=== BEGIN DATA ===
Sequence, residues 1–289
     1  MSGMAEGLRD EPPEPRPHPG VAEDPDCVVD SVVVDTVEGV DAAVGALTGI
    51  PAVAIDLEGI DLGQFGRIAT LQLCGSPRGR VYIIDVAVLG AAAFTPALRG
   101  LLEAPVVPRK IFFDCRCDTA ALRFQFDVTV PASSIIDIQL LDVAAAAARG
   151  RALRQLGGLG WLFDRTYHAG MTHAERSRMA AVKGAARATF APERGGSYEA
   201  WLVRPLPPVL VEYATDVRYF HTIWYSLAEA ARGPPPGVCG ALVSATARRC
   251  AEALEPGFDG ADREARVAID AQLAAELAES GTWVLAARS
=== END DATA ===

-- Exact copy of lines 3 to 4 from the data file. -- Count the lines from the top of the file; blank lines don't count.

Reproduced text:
    51  PAVAIDLEGI DLGQFGRIAT LQLCGSPRGR VYIIDVAVLG AAAFTPALRG
   101  LLEAPVVPRK IFFDCRCDTA ALRFQFDVTV PASSIIDIQL LDVAAAAARG